As regular readers will know, Trinity Buoy Wharf is one of my favourite places in London and just after Christmas I visited the Wharf on a cold grey winter’s day.
It is never really busy at the Wharf, but on this particular day there was no sign of anyone, even the Fatboy’s Diner had a closed sign in the window.
But one thing you can always rely on when you visit the Wharf is that you will find something new and slightly bizarre and there next to the Container City was a series of Sculptures.
The Sculptures are created by Andrew Baldwin who is probably best known for his walking boat, a 40 foot boat that came out of the water and walked up the foreshore just below the Tate Modern.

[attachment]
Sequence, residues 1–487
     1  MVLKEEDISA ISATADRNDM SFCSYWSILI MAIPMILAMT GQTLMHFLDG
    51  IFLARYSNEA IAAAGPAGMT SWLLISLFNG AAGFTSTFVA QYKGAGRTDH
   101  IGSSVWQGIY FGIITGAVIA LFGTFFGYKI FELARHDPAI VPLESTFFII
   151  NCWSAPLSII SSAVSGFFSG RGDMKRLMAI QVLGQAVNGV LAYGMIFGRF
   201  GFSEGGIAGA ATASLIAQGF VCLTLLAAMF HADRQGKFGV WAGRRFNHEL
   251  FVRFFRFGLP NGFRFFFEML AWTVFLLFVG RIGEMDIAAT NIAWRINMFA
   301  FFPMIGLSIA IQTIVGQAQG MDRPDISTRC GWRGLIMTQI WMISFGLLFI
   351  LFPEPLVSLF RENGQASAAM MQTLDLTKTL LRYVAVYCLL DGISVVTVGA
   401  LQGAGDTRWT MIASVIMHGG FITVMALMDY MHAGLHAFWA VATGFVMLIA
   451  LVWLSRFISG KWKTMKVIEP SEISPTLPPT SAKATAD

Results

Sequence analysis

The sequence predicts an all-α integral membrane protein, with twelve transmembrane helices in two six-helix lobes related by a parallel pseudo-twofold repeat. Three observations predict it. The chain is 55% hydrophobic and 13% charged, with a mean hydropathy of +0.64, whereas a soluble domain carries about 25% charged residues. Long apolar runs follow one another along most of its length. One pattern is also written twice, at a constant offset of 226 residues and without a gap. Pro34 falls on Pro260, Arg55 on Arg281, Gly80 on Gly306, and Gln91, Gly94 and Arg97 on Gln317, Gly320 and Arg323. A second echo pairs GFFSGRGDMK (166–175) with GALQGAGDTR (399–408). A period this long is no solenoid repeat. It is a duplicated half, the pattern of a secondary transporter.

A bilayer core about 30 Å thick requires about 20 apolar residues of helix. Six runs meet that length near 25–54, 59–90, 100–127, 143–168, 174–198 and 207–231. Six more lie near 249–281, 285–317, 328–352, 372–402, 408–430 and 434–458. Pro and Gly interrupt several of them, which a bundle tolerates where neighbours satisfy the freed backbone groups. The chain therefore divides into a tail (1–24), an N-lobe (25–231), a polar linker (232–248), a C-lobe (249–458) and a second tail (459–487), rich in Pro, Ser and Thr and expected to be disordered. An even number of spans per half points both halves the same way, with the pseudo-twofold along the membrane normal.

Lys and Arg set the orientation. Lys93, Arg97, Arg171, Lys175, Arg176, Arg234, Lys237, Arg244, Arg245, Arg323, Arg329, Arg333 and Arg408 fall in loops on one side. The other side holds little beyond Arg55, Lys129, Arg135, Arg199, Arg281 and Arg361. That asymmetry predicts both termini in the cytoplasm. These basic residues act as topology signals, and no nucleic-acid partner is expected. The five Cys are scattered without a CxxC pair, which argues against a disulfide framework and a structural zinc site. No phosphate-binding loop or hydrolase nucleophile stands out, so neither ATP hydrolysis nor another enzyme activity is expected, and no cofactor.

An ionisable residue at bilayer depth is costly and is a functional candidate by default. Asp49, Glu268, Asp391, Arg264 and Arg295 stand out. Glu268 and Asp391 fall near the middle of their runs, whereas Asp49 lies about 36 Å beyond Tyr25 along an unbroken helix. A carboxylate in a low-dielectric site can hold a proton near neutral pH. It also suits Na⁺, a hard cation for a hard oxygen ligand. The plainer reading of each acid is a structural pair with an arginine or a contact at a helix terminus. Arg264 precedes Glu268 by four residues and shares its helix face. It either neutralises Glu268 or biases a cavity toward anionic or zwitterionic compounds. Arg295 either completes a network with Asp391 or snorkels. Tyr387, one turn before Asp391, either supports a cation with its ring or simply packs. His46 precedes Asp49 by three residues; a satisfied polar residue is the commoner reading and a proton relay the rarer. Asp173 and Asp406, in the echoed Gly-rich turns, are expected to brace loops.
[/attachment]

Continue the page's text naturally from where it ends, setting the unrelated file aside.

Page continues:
Andrew Baldwin trained as a Master Blacksmith and Welder and worked as such for 28 years before he turned his skills to making a number of large mechanical sculptures.
The Sculptures at Trinity Buoy Wharf are a series of his large mechanical models, in a strange way they are a bit of cross between a Heath Robinson type machine and Victorian clockwork toys.
They really don’t seem out-of-place being near the Wharf’s workshops which were used for fixing various objects and machines but are now used for other purposes.
Whilst looking at the strange mechanical pieces I glanced up over the Thames and saw another mechanical wonder the Cable car crossing over the dark grey skies.
Other posts you may find interesting
Street Art in Trinity Buoy Wharf
London’s Lighthouse – The Mysterious World of Trinity Buoy Wharf
Remembering London’s Lost Village – The Story of Orchard Place